Results of a recent study published last month in Pain Research Management provides further validation of the benefits of cognitive behavioral therapy (CBT) in conjunction with exercise in the management of chronic pain. A team from Bridgepoint Health and the University of Toronto examined patient outcomes from a pain self-management program administered at Bridgeport Health, a rehabilitation hospital in Toronto between 2002 and 2011. Over the duration of the study 36 pain management groups were convened, enrolling 311 participants. 214 of these completed their programs. The study used pre-and post-treatment questionnaires to measure changes in intensity of pain, depression, anxiety, pain disability, and general health functions.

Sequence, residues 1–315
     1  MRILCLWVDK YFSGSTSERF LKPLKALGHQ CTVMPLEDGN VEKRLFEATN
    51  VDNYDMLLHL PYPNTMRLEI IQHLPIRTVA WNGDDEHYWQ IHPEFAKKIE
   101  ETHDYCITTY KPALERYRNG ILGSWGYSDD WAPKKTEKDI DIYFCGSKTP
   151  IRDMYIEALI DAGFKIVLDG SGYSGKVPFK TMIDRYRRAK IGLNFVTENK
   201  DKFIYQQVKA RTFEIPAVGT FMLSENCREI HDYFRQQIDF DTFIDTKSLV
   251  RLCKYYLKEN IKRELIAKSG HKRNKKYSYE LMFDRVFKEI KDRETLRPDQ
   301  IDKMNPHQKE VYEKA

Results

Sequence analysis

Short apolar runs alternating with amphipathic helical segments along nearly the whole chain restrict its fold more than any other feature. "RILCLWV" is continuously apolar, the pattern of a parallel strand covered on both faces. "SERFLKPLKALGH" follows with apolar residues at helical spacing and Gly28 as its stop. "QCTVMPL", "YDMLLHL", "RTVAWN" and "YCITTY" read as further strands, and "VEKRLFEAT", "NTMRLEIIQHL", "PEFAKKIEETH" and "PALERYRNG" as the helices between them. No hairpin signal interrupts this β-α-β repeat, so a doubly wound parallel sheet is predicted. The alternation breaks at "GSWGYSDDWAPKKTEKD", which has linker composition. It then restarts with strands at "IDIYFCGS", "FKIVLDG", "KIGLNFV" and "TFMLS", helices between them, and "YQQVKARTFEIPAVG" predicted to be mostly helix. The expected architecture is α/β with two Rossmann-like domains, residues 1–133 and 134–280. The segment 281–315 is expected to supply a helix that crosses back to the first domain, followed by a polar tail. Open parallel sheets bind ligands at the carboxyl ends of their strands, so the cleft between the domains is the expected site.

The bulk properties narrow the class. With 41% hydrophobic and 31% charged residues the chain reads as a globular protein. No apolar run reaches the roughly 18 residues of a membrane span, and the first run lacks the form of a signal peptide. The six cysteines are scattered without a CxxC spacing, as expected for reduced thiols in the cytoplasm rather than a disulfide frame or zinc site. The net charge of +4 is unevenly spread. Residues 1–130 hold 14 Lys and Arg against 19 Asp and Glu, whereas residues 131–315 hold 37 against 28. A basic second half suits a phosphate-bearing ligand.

Program participants had all experienced chronic pain for longer than 6 months, and had realized no improvement in their pain levels from other treatment approaches. The researchers recorded statistically significant improvements in all outcome measures, with the exception of nonsignificant changes in some subscales of general health, among patients who completed the program. The study report noted that "These results are consistent with previously reported benefits of CBT for chronic pain patients and in programs that combine CBT with physical exercise (PE). While CBT targets the psychosocial components of chronic pain, PE targets the biological component by overcoming physical deconditioning." A news story about the conclusions, with link to the journal article, may be found here.
Posted on December 8, 2016